Cape Town, South Africa’s second-biggest city, might soon have to turn off the taps. What went wrong? And is this a sign of things to come for other cities? Simon Wilson reports.
Many people are baffled about the weakness of the US dollar. But it’s easy enough to explain, says John Stepek. Investors are busy putting their money in everything else.
Since the referendum, the 50 large British firms that derive most of their revenue from abroad have done well. But the 50 most domestically orientated companies have barely moved.
MoneyWeek’s comprehensive guide to the best of this week’s share tips from the rest of the UK press.
Brazil’s Bovespa stockmarket index has just reached a new record peak, but investors should keep a close eye on the political backdrop.
Last week Congress failed to approve a bill to continue funding government operations. But US equities have largely ignored the fuss, hitting yet more record highs.
IT support firm Computacenter is trading ahead of expectations, while the UK’s largest listed water company is looking exposed to inflation and political risk.
In an environment of middling inflation and low interest rates, small-cap stocks tend to beat big blue-chips. John Stepek explains why, and how to invest in them.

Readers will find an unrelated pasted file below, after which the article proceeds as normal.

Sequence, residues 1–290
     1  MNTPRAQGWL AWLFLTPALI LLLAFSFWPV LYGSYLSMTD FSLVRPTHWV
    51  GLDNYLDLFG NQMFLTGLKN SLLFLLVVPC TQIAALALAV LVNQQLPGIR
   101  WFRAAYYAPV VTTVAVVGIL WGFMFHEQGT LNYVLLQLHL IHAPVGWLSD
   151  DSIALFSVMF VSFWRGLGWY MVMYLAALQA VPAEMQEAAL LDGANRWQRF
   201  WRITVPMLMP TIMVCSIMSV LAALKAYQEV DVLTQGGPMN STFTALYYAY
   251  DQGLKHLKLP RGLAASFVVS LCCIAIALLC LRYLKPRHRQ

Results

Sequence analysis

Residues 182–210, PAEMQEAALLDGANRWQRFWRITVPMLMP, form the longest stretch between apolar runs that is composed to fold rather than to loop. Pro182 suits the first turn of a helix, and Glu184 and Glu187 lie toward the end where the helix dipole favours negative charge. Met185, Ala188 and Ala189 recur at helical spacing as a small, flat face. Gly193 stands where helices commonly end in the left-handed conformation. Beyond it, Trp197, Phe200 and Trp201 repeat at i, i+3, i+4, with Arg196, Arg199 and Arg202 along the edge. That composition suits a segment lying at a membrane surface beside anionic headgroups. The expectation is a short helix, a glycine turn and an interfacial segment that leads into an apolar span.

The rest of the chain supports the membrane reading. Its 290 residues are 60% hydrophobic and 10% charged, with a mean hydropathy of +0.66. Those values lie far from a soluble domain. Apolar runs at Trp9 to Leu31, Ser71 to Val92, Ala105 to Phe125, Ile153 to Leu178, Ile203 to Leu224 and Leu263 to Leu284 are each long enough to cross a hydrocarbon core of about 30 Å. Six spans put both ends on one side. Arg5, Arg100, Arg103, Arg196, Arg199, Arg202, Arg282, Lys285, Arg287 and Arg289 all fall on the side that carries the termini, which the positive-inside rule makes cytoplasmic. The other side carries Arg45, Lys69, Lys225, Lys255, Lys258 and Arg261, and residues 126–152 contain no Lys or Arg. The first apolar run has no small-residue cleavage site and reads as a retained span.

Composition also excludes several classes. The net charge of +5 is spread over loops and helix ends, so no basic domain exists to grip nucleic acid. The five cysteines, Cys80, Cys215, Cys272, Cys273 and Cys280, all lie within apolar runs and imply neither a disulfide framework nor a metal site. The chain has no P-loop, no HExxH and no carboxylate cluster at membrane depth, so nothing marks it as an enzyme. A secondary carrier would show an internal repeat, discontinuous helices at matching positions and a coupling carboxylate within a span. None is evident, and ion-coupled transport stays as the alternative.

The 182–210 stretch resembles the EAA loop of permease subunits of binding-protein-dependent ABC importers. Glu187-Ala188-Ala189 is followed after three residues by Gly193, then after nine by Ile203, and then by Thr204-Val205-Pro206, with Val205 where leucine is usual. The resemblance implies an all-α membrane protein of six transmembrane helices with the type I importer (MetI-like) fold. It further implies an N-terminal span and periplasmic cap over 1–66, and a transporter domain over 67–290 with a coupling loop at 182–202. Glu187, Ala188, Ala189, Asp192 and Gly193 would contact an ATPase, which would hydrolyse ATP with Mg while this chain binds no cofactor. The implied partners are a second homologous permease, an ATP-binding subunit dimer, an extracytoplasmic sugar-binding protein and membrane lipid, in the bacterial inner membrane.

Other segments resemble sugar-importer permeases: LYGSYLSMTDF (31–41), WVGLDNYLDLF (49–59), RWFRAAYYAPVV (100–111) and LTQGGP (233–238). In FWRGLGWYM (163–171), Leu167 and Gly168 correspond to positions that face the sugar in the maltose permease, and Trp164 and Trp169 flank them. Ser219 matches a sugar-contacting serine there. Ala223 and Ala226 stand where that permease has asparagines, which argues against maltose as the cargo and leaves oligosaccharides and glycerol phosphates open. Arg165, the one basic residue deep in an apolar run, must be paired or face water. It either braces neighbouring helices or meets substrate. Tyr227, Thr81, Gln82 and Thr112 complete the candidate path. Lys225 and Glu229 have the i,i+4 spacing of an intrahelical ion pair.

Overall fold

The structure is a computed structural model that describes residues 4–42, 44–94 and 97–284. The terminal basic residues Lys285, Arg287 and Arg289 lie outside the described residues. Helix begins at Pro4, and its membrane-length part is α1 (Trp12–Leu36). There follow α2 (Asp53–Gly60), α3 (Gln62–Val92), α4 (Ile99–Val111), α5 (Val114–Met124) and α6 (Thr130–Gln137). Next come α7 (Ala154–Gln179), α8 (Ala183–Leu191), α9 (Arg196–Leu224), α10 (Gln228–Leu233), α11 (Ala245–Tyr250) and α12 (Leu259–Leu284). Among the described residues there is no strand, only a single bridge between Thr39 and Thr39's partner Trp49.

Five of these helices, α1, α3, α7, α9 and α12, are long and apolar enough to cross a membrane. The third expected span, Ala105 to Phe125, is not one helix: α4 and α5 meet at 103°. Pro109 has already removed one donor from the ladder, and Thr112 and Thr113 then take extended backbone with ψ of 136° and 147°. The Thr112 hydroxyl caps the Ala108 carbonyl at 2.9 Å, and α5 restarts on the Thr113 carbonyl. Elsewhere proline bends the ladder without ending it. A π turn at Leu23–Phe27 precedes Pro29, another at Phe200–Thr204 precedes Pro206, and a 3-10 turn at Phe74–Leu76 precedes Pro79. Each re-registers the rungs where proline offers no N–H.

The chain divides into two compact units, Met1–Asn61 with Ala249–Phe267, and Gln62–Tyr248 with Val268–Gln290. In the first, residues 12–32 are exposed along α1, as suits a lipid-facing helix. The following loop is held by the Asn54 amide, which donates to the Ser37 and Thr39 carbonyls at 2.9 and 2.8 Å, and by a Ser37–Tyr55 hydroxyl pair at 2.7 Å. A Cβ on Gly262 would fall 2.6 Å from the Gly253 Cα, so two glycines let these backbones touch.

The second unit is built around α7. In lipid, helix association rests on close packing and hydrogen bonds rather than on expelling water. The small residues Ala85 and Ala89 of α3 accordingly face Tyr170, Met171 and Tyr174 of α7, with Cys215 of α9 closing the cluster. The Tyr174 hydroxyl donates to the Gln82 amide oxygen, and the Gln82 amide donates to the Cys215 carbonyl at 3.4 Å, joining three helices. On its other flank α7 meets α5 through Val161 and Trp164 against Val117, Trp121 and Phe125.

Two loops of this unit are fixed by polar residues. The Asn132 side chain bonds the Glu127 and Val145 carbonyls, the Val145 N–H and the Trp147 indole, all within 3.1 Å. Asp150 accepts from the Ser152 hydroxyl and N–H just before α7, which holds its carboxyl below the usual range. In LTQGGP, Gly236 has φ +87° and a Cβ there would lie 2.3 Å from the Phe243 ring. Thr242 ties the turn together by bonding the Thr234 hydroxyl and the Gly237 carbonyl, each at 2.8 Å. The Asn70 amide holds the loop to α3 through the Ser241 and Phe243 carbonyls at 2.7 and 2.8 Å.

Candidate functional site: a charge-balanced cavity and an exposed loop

Disruption is a defining feature of the world economy. Here, professional investor Wesley Lebeau picks three stocks to profit from it.
Turkish stocks have just reached a new record.But with high debt, a weak lira and an authoritarian government, Turkey’s boom could quickly turn to bust.
On the surface, Carillion looked healthy, but the ugly truth is that the construction firm was little more than a zombie, says Edward Chancellor.
Matthew Partridge explains why, after a tumultuous few weeks for bitcoin, it’s time to start selling the cryptocurrency.
Investors can now earn an income from renting out ships thanks to a new fund. Should you take advantage? David C Stevenson investigates.
It may be boring to say that bitcoin is useless as a currency, but that blockchain technology has a future. But it’s true, says Merryn Somerset Webb.
Investors’ enthusiasm for Africa dwindled as commodity prices fell. But there has always been more to the Africa story than raw materials.
Gold rose by 13% last year. And nobody cared. But sentiment could be about to turn. John Stepek explains what’s going on, and how to invest in a gold rally.